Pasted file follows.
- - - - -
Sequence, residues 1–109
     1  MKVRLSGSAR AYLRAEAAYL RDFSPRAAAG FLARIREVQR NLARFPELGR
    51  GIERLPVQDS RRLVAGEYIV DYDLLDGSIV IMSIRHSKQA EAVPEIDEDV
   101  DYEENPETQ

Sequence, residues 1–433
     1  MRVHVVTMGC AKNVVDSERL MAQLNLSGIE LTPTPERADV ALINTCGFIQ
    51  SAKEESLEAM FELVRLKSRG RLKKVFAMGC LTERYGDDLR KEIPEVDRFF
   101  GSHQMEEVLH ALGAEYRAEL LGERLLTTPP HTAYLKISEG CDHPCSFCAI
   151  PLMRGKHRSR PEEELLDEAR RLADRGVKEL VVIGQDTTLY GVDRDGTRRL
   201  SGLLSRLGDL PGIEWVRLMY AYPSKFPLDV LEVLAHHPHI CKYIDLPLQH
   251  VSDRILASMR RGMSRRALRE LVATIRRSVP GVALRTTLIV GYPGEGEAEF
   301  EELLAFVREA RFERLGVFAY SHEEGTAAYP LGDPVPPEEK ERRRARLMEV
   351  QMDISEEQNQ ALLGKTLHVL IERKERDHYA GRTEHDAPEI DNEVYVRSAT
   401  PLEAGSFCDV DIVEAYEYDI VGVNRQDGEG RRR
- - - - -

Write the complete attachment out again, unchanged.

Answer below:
Sequence, residues 1–109
     1  MKVRLSGSAR AYLRAEAAYL RDFSPRAAAG FLARIREVQR NLARFPELGR
    51  GIERLPVQDS RRLVAGEYIV DYDLLDGSIV IMSIRHSKQA EAVPEIDEDV
   101  DYEENPETQ

Sequence, residues 1–433
     1  MRVHVVTMGC AKNVVDSERL MAQLNLSGIE LTPTPERADV ALINTCGFIQ
    51  SAKEESLEAM FELVRLKSRG RLKKVFAMGC LTERYGDDLR KEIPEVDRFF
   101  GSHQMEEVLH ALGAEYRAEL LGERLLTTPP HTAYLKISEG CDHPCSFCAI
   151  PLMRGKHRSR PEEELLDEAR RLADRGVKEL VVIGQDTTLY GVDRDGTRRL
   201  SGLLSRLGDL PGIEWVRLMY AYPSKFPLDV LEVLAHHPHI CKYIDLPLQH
   251  VSDRILASMR RGMSRRALRE LVATIRRSVP GVALRTTLIV GYPGEGEAEF
   301  EELLAFVREA RFERLGVFAY SHEEGTAAYP LGDPVPPEEK ERRRARLMEV
   351  QMDISEEQNQ ALLGKTLHVL IERKERDHYA GRTEHDAPEI DNEVYVRSAT
   401  PLEAGSFCDV DIVEAYEYDI VGVNRQDGEG RRR